he rolled, he leaped, he jumped, all a’ quiver

‘til he broke the reins, lost the saddle,

an’ kickin’ and pootin’ hightailed it up Salt River.


Alf and the boys come a gawkin’ “Why the big noise?”

They was still a laughin’ as they spurred after old Buck.

Pickin’ up the trail and Dub’s scattered toys

they searched ridge and canyon without any luck.


Alf said, “Buck was a big horse; Buck was a good horse,

An’ he knew all the tricks of the trade.

He could do the job, and keep the cattle a’ mob,

but he might a’ been gun shy, I’m afraid.”


ME:  In what way is the American Southwest a leading character in your writing?

VIRGIL:  I spend a lot of time describing the setting, geology, natural history, and human history in my stories. For example THE WHAM CURSE begins with:

“The Southeastern boundary of the San Carlos Apache Indian reservation in central Arizona is located in a remarkable “mixing and jumbling” of geology, as if the Apache ga’an (mountain spirits) had stirred these ranges, mesas, canyons, plateaus, and broad valleys with huge trowels into a great practical joke on puny man. Among these features, seemingly occurring with total randomness along canyons and washes are peculiar cliffs consisting of large river rocks of many types and colors mixed into a matrix of hard pale-tan caliche.

The cliffs have a rugged texture consisting of many protruding rocks and of holes of varying size and depth where boulders have been eroded free of their surrounding matrix. Some rocks long ago fell to the sand wash below the cliffs and some remain in their little cave created by wind and rain. These holes are used by insects, snakes, rodents, and birds as nesting places; and sometimes by man as a place to stow or hide something.

Earl “Boy” Begay lived in his grandma’s home on the reservation, and often played and explored along the bottom of these cliffs. He liked nothing better than mysterious places. He…”

Note there are two descriptive paragraphs of the setting before the first character is mentioned.

Wham Front Cover 2 14

ME:  Tell us more about your first novel, THE WHAM CURSE, and its historical background. What writing process did you follow to produce it?

VIRGIL:  I have been a student of Southwestern history since I was in elementary school, so I was surprised when, as part of my ranch research, I stumbled on the story of the ambush and robbery of Major Joseph Wham’s US Army payroll escort near Ft. Thomas in 1889.

I got sidetracked and researched it and discovered that it is one of Arizona’s lost treasure stories. It occurred to me that fictionally answering the question of what happened to the loot (it is lost by the robbers), and what would happen if found today (for one thing a murder), would make a really good story line.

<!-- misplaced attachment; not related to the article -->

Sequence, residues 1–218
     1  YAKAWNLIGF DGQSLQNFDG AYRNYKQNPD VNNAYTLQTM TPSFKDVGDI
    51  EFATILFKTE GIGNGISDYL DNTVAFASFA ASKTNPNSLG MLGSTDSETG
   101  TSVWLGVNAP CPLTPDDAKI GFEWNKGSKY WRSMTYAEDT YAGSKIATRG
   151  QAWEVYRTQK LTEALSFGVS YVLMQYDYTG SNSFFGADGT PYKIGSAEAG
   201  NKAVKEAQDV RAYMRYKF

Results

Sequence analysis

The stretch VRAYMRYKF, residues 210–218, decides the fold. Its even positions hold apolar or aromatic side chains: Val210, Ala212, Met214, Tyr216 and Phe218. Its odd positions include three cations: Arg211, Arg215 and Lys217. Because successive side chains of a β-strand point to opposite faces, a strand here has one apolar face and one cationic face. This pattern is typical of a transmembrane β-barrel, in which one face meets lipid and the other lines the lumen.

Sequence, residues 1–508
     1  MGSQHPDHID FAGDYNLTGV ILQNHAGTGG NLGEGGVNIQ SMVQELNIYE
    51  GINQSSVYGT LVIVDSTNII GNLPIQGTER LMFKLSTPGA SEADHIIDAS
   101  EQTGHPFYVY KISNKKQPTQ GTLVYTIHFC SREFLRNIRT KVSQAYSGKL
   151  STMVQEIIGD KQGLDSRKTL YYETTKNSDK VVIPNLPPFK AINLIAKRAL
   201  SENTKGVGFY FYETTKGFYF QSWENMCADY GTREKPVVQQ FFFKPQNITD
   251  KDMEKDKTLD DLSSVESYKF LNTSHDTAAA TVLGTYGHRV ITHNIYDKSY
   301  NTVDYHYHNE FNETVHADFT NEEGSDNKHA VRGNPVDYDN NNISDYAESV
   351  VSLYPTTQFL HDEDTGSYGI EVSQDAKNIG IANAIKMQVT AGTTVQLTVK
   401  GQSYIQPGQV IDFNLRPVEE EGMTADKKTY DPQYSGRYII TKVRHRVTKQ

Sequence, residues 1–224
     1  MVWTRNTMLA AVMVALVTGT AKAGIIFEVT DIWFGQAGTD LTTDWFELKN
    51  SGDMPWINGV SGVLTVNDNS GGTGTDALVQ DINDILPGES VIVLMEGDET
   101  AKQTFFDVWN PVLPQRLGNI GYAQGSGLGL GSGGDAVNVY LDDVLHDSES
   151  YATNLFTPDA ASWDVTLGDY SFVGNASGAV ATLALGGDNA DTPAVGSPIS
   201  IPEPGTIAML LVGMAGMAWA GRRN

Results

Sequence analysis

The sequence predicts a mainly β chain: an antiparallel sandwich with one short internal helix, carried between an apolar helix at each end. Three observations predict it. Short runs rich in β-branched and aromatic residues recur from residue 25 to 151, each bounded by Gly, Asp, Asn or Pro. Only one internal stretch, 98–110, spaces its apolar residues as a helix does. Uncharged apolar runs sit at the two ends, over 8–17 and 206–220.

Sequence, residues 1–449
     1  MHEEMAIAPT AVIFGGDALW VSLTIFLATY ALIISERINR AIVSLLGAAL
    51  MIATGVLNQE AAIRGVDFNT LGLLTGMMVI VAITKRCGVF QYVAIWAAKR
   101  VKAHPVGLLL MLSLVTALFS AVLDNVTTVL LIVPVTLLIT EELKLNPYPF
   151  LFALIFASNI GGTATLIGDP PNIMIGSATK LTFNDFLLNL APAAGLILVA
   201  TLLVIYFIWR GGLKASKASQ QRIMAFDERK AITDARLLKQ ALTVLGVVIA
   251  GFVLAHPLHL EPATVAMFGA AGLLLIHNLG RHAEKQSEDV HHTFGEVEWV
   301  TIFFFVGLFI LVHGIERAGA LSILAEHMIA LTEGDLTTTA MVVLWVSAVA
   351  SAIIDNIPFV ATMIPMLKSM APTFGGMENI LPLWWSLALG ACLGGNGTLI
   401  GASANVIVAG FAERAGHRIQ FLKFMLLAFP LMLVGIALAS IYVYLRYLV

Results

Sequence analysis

(I agree!)

My process was simple. I imagined the plot and the characters I wanted involved, and the problems and subplots that might take place in such a story. I turned this into a general outline and started writing. As I developed the story I did a lot of research on each scene and the processes that would be involved in it. I found myself working in a series of vignettes, and have continued to use that technique.

ME:  You say SAINTS AND SINNERS is a sequel, to be followed by The Baleful Owl. What are the basic themes in this series and what are you hoping readers will take away from it?

CF - Saints and Sinners final frontVIRGIL:  The continuing themes from one story to the next include: 1) the setting is rural and small town; 2) the three main characters, who share a trust and friendship; 3) recurring supporting characters; 4) continued development of the characters’ family and personal relationships; and 5) description of setting, geography, ecology, geology, and human and natural history.

I felt particularly moved when developing my characters to create them with differences, but each with a strong moral compass. Al is a student of his Apache Heritage, yet he is also an ordained deacon in the Catholic Church. Bren is a faithful Mormon. Manny is a Catholic, but in many ways has some of my own characteristics, such as his love of local history and his efforts to research everything. These three fully respect each other and consider each to be equally Christian. I hope to let the reader see that we can be different but still value the good in others.